ABOVE PHOTO: Johnny Clegg
By Cara Anna and Christopher Torchia
JOHANNESBURG (AP) — Johnny Clegg, a South African musician who performed in defiance of racial barriers imposed under the country’s apartheid system decades ago and celebrated its new democracy under Nelson Mandela, died Tuesday. He was 66 and had pancreatic cancer.
The Grammy-nominated and British-born singer sometimes called the “White Zulu” died peacefully at home in Johannesburg with his family there, according to Clegg’s manager, Roddy Quin.
“He fought it to the last second,” Quin told the South African Broadcasting Corporation.
Clegg’s multi-racial bands during South Africa’s white minority rule attracted an international following. He crafted hits inspired by Zulu and township harmonies, as well as folk music and other influences.
South Africa’s government said in a statement that “his music had the ability to unite people across the races …. Clegg has made an indelible mark in the music industry and the hearts of the people.”
One of his best-known songs was “Asimbonanga,” which means “We’ve never seen him” in Zulu. It refers to South Africans during apartheid when images of the then-imprisoned Mandela were banned. Mandela was released in 1990 after 27 years in prison and became South Africa’s first black president in all-race elections four years later.
Political opposition leader Mmusi Maimane said Clegg “wrote our SA story when our country was at its worst and at its best.”
The Grammy-winning Soweto Gospel Choir said it was “devastated” by Clegg’s death and called him a “music icon and a true South African.” Fellow musicians posted similar tributes on social media.
Clegg learned about Zulu music and dancing as a teenager when he hung out with a Zulu cleaner and street musician called Charlie Mzila. He later explored his idea of “crossover” music with the multi-racial bands Juluka and Savuka at a time of bitter conflict in South Africa over the country’s white minority rule.
Clegg recorded songs he was arrested for and “never gave in to the pressure of the apartheid rules,” his manager said.
The apartheid-era censorship also restricted where he could perform, yet Clegg “impacted millions of people around the world,” Quin said. “He played a major role in South Africa getting people to learn about other people’s cultures and bringing people together.”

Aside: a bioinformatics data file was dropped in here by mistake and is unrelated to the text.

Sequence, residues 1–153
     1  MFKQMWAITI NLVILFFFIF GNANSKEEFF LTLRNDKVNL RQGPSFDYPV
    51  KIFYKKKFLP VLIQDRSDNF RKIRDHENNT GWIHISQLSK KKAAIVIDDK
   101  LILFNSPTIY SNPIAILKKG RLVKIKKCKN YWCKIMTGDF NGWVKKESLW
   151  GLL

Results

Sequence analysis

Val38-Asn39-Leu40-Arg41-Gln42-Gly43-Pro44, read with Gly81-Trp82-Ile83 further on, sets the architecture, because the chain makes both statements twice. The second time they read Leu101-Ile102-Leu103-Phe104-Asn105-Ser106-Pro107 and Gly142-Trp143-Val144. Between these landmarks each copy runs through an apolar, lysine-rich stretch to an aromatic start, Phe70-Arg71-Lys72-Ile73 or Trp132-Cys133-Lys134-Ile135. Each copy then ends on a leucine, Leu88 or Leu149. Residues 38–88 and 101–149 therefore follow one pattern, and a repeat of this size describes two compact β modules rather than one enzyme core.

The musician performed as late as 2017, high-kicking and stomping during a tour called “The Final Journey” while his cancer was in remission.
At a concert in Johannesburg that year, Clegg said that “all of these entries into traditional culture gave me a way of understanding myself, helping me to shape a kind of African identity for myself, and freed me up to examine another way of looking at the world.”
In December, Clegg told South African news channel eNCA the “toughest part of my journey will be the next two years” and called himself an “outlier” in an interview that mused about mortality.
The performer was diagnosed with cancer in 2015, and the grueling treatment included two six-month sessions of chemotherapy and an operation.
“I don’t have a duodenum and half my stomach. I don’t have a bile duct. I don’t have a gall bladder and half my pancreas. It’s all been reconfigured,” he told reporters in 2017.
In that interview, Clegg recalled how he performed “Asimbonanga” while on tour in Germany in 1997 and experienced a “huge shock” when Mandela, beaming and dancing, unexpectedly came out on stage behind him.
“It is music and dancing that makes me at peace with the world. And at peace with myself,” Mandela said to the audience. He asked Clegg to resume his performance and urged the audience to get up and dance.
At the end of the song, Mandela and Clegg, holding hands, walked off stage.
“That was the pinnacle moment for me,” Clegg recalled. “It was just a complete and amazing gift from the universe.”